Search Images Maps Play YouTube News Gmail Drive More »
Sign in
Screen reader users: click this link for accessible mode. Accessible mode has the same essential features but works better with your reader.

Patents

  1. Advanced Patent Search
Publication numberUS20080298803 A1
Publication typeApplication
Application numberUS 11/757,915
Publication dateDec 4, 2008
Filing dateJun 4, 2007
Priority dateJun 4, 2007
Also published asEP2165466A2, WO2008151248A2, WO2008151248A3
Publication number11757915, 757915, US 2008/0298803 A1, US 2008/298803 A1, US 20080298803 A1, US 20080298803A1, US 2008298803 A1, US 2008298803A1, US-A1-20080298803, US-A1-2008298803, US2008/0298803A1, US2008/298803A1, US20080298803 A1, US20080298803A1, US2008298803 A1, US2008298803A1
InventorsTom Warner, Dumitru Gruia, Joanne Maruca
Original AssigneeAlloptic, Inc.
Export CitationBiBTeX, EndNote, RefMan
External Links: USPTO, USPTO Assignment, Espacenet
System and method for protection of point to multipoint passive optical network
US 20080298803 A1
Abstract
A system and method relating to a point-to-multipoint Passive Optical Network (PON) that protects the system against fiber breaks or damage which can disrupt the path between the OLT and a plurality of Dual Transceiver ONUs.
Images(7)
Previous page
Next page
Claims(9)
1. A point-to-multipoint passive optical network (PON) system comprising:
a. an Optical Line Terminal (OLT);
b. a first optical splitter with at least one upstream port and a plurality of downstream ports;
c. an optical fiber connecting the OLT to at least one upstream port of the first optical splitter;
d. a plurality of Dual Transceiver Optical Network Units each connected by fiber to two downstream ports of the first optical splitter;
e. the Dual Transceiver Optical Network Units comprising:
i. Two Optical Transceivers;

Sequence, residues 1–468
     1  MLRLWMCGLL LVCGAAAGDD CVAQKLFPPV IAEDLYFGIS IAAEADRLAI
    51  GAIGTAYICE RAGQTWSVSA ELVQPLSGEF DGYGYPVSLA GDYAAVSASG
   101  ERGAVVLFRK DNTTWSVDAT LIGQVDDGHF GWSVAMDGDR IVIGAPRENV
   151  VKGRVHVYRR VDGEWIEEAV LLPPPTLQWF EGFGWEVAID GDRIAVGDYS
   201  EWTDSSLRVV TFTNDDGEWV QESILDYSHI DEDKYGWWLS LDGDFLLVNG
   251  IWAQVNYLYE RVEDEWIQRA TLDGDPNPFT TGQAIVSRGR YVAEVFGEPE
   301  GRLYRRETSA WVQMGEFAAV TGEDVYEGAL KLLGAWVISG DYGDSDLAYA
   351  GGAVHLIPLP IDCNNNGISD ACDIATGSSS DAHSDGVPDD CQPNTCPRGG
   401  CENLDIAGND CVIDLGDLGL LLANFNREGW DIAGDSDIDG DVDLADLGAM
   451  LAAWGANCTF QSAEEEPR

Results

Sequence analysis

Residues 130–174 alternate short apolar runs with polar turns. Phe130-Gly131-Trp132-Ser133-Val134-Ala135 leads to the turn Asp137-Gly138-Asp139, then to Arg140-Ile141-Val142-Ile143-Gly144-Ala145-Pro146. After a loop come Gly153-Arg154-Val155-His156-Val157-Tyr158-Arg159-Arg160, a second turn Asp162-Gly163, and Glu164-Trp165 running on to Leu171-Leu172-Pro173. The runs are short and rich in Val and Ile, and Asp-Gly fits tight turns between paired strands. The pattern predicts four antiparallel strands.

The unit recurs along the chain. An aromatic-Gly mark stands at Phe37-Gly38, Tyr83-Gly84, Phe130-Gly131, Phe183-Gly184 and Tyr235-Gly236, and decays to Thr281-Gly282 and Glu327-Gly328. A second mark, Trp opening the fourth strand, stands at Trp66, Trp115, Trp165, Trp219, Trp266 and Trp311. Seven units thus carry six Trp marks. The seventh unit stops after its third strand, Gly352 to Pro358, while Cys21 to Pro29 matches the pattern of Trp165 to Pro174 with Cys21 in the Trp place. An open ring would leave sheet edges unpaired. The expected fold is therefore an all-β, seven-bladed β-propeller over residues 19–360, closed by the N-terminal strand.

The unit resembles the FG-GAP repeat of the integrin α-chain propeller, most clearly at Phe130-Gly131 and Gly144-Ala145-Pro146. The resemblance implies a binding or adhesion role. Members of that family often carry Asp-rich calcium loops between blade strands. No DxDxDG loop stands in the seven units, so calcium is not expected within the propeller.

ii. an ONU Module;
iii. a Data Selection Module configured for facilitating the selection of bi-directional data between the Optical Transceivers and the ONU module based on availability of optical signal into the optical transceivers;
iv. a plurality of connections between each Optical Transceiver and the Data Selection Module; and
v. a connection between the Data Selection Module and the ONU Module;
2. The system of claim 1 wherein the OLT, first optical splitter, and the fiber connecting the OLT to an upstream port of the first optical splitter are housed in a central office.
3. The system of claim 1 wherein the OLT, first optical splitter, and the fiber connecting the OLT to an upstream port of the first optical splitter are housed in a cabinet.
4. The system of claim 1 further comprising one or more additional optical splitters functionally connected between the first optical splitter and the Dual Transceiver ONUs, wherein each additional optical splitter has at least one connection to a downstream port of the first optical splitter and connects to a plurality of Dual Transceiver ONUs.
5. The system of claim 1 where the PON system is based on IEEE-802.3.
6. The system of claim 1 where the PON system is based on ITU-984.x.
7. The system of claim 1 wherein the Data Selection Module farther comprises a failure notification function for loss of signal to an optical transceiver.
8. The system of claim 3 further comprising a plurality of Single Transceiver ONUs connected to the one or more additional optical splitters functionally connected between the first optical splitter and the Dual Transceiver ONUs.
9. A method of installing a point-to-multipoint passive optical network (PON) system comprising:
a. installing an Optical Line Terminal (OLT);
b. installing a first optical splitter with at least one upstream port and a plurality of downstream ports;
c. installing an optical fiber connecting the OLT to at least one upstream port of the first optical splitter; and
d. Installing a plurality of Dual Transceiver Optical Network Units each connected by fiber to two downstream ports of the first optical splitter, wherein the Dual Transceiver Optical Network Units comprises.
i. Two Optical Transceivers;
ii. an ONU Module;